\[ P(\textrm{never black}) = \prod_{n = 2}^{\infty}( 1 - \frac{1}{2^n}),\] the index should start at 1, not 2 as written. The post itself was fascinating! ]]>

We need n!=(m-1)(m+1), where n>100. As mentioned in the blog post, n! will need to have a large number of zeros at the end

=> (m-1)(m+1) needs to be divisible by a fairly large power of 2. But only one of them is 0 mod 4. Lets say (m-1) is this number. Then, m+1 cannot have more than 1 zero at the end, so we are looking for n! = (k*10^L) (k*10^L+2), or (k*10^L) (k*10^L-2).

For non-square k, I meant that it is easy to prove that there are only finitely many examples and even to enumerate all examples as long as you’re willing to run in time poly(k). Then, this procedure suffices:

1) Find a modulus m such that k is not a square mod m. (This can be done by factoring k and then applying quadratic reciprocity and the CRT. One can always get a value less than k.)

2) Enumerate all examples of squares n!+k for n < m.

Of course, the resulting enumeration gives all examples of n!+k for which k is prime, but it runs in time proportional to k.

I'm not sure about very large non-square k. Obviously, there exist non-square k such that n! + k is a square for very large n. I don't immediately see an efficient way to find such an n, given k, and certainly not a way to categorize all such n.

(I should clarify that I'm not an expert in number theory or diophantine equations, so I apologize if I said something stupid above.)

]]>The same proof works for n! + 2 (which is never square)

Except for \(n=2\).

how easy it is to analyze n!+k where k is not itself a square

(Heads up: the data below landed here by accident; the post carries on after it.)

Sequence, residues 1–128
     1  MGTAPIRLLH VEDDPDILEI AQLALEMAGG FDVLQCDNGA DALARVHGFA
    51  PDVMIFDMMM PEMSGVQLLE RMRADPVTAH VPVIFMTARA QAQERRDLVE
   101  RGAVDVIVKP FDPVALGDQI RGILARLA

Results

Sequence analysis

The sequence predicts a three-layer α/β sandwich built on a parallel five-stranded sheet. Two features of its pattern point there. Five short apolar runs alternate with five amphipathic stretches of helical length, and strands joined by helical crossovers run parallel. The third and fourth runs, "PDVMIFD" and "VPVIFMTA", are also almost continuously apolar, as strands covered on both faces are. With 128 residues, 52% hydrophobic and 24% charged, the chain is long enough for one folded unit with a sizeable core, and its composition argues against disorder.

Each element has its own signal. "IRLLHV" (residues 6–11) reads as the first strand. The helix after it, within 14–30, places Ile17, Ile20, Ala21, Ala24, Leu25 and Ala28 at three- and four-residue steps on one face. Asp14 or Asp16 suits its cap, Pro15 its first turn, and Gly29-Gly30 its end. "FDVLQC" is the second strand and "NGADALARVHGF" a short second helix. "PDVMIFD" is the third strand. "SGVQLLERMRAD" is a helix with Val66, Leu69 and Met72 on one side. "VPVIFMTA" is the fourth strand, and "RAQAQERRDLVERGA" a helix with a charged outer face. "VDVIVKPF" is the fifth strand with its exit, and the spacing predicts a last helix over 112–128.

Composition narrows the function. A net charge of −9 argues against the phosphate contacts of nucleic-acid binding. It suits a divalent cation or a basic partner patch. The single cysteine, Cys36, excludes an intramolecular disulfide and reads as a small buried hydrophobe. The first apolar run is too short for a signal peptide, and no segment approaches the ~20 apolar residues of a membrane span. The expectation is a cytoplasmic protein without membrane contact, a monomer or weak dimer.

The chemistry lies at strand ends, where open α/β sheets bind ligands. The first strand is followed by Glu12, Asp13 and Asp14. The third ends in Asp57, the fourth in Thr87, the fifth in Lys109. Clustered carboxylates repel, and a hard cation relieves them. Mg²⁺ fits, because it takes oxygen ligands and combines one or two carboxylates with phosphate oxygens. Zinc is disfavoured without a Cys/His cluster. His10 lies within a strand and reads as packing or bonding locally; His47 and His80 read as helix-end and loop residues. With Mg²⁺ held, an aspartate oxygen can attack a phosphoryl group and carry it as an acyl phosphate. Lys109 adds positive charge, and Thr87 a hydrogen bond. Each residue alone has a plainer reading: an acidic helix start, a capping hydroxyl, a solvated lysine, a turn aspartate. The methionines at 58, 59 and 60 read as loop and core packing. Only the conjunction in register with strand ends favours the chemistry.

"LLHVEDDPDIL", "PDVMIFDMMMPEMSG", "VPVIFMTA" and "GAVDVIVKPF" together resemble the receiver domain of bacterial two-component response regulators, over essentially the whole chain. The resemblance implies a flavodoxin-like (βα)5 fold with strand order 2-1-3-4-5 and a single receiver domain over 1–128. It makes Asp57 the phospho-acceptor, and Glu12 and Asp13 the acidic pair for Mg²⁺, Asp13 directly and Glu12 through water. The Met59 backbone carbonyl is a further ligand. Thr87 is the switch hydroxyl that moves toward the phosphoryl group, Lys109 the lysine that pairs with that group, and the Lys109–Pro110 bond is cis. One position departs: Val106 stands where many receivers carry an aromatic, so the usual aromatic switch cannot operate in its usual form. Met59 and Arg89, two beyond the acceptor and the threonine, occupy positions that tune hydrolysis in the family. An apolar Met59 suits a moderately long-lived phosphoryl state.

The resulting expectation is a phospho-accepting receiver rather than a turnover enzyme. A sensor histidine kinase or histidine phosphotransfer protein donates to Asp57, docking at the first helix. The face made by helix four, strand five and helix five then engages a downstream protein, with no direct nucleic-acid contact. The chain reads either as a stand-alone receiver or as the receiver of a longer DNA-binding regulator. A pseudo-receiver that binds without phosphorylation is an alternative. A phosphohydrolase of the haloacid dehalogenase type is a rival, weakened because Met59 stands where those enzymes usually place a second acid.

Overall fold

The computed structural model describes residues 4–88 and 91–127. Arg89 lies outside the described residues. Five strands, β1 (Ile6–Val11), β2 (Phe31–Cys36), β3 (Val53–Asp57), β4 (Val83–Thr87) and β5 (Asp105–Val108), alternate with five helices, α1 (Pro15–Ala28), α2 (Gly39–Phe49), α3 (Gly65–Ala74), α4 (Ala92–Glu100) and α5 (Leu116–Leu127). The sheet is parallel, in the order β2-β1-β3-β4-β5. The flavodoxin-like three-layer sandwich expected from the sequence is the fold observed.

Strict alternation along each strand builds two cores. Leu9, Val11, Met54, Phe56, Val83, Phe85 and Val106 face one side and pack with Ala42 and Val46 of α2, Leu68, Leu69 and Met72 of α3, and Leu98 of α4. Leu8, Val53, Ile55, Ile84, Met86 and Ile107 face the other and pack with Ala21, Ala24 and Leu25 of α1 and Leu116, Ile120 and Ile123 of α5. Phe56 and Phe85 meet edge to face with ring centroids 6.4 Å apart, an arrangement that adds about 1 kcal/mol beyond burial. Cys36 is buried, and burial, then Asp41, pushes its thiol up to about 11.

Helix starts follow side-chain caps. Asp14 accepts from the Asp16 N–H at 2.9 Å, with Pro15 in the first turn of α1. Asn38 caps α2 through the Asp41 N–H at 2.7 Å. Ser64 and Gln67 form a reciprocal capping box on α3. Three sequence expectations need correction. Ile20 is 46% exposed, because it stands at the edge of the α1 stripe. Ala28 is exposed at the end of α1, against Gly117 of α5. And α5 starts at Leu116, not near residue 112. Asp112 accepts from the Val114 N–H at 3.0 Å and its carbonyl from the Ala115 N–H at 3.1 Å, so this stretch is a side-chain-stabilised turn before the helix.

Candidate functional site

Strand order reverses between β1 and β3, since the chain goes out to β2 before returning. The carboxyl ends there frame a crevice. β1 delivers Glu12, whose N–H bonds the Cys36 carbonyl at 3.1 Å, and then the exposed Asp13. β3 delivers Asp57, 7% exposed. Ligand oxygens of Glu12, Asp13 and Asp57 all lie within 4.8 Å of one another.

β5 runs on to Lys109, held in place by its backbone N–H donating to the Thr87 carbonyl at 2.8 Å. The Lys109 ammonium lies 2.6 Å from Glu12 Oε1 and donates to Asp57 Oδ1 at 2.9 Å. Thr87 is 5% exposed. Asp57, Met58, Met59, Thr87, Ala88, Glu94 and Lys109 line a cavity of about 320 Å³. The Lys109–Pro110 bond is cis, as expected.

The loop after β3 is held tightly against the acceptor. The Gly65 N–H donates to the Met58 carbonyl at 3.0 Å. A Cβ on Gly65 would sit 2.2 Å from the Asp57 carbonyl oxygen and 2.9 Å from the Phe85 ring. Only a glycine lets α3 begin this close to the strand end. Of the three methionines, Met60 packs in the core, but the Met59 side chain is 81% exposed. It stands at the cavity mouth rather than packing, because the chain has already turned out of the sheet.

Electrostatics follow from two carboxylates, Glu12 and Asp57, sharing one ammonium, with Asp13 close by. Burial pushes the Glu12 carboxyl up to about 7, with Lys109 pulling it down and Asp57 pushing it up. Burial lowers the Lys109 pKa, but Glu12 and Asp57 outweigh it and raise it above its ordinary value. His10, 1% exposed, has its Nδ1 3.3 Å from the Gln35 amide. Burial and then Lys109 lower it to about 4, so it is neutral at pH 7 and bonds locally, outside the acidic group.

Agreed where \(k\) is a small square. (Where the number of digits in \(k^2\) is less than the number of trailing zeros in \(n!\).) Not sure it’s so easy for larger \(k\). Can you elaborate?

]]>I’ve spent a few hours on this problem every year or so since undergrad (maybe 10 years ago?). I’m glad to know that it does in fact appear to be hard. What’s particularly maddening about it is how easy it is to analyze n!+k where k is not itself a square. E.g., n! - 1 is only a square when n=1 or n= 2 because for \(n \geq 3\), \(n! - 1 \equiv 2 \bmod 3\), so it can’t be a square. The same proof works for n! + 2 (which is never square), and a similar proof works for n! + 3 (which is only a square when n = 1 or n=3).

Incidentally, I think this question arises fairly naturally in the study of factorial primes.

]]>In this particular puzzle it’s not actually necessary to apply the uniqueness constraint. There is at least one other pathway to a solution—which I’ll leave to you to find.

Your sequence of moves is the pathway I had in mind.

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